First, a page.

Asia-Pacific

Malaysia men guilty in 'Allah' row church attack

Kuala Lumpur police officers inspect the damage to the Metro Tabernacle Church
Image caption The offices of one church were destroyed by a fire-bomb

Two Malaysian men have been found guilty of setting fire to a church in January in a row over non-Muslim use of the word "Allah".

The two had claimed their burn injuries were sustained at a barbecue.

But a judge in the capital, Kuala Lumpur, said this was a fabrication and jailed them for five years.

The attack on the Metro Tabernacle Church in Kuala Lumpur was the first of a series of attacks on houses of worship following the "Allah" row.

Eleven churches, one Sikh temple, three mosques and two Muslim prayer rooms became targets of arson and other incidents.

Raja Muhammad Faizal Raja Ibrahim, 24, and Raja Muhammad Idzham Raja Ibrahim, 22, were both convicted of "mischief by fire".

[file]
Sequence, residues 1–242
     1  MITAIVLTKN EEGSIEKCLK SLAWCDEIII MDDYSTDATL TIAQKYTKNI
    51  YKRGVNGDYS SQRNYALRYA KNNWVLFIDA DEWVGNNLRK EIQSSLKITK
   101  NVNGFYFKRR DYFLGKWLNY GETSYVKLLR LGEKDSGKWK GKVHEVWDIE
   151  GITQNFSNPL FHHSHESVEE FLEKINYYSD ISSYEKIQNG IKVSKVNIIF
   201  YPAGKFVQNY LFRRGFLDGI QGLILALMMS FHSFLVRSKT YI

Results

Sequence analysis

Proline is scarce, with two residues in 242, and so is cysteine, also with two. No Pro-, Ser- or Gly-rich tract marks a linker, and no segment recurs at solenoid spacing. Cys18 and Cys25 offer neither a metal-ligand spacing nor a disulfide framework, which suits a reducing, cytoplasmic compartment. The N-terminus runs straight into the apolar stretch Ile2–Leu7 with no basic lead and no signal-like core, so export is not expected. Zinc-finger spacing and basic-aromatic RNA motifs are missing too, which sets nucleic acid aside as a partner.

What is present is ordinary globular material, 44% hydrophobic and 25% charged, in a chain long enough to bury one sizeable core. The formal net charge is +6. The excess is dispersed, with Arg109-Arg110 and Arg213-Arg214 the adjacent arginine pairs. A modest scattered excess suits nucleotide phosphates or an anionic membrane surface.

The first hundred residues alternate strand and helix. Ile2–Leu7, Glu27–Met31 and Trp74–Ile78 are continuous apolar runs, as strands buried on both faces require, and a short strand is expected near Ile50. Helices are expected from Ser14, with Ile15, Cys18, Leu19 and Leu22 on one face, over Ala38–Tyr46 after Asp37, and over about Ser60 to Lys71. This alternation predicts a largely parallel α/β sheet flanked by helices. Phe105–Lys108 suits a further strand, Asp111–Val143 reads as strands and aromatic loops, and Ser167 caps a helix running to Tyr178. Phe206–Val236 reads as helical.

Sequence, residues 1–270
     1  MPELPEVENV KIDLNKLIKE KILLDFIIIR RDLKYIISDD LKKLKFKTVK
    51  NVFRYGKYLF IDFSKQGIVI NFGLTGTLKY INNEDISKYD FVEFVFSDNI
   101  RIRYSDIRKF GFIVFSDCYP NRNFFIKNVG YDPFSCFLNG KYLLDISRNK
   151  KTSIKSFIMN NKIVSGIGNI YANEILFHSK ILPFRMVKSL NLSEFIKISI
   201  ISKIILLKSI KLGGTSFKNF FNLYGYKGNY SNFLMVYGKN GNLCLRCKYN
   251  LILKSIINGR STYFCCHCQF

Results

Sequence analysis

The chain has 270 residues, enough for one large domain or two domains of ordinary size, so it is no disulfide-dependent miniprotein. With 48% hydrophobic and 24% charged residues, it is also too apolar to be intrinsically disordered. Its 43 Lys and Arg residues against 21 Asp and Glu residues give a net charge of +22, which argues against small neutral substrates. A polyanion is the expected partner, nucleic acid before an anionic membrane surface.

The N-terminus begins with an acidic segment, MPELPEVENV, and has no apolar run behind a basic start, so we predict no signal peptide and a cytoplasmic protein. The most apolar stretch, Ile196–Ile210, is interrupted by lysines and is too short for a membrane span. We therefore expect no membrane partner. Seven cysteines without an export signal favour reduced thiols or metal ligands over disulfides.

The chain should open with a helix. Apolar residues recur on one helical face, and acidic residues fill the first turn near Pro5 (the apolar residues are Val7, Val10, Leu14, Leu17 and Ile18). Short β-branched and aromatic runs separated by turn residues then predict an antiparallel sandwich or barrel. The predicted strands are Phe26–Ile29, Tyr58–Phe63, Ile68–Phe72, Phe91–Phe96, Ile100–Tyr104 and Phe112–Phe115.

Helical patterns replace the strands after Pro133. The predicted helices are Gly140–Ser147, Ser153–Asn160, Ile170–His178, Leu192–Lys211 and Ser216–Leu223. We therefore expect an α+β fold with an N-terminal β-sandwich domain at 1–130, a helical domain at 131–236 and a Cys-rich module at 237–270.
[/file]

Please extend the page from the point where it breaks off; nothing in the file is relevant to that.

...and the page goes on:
Judge S M Komathy Suppiah said that their crime struck "at the very foundations and tenets of a civilised society".

Religious tensions in multi-ethnic Malaysia increased after a court ruled in December 2009 that a Roman Catholic newspaper could use the word "Allah" in its Malay-language edition to describe the Christian God.

The government has appealed against the ruling.

Christian groups say they have been using the term in reference to God in the Malay language for decades, says the BBC's Jennifer Pak in Kuala Lumpur.

But some Muslim groups are suspicious of their motives, our correspondent says, saying the use of the word Allah is a ploy to encourage Muslims to convert to Christianity - something that is illegal in the country.

Malay Muslims make up almost two-thirds of the country's population, but there are large Hindu and Christian communities.

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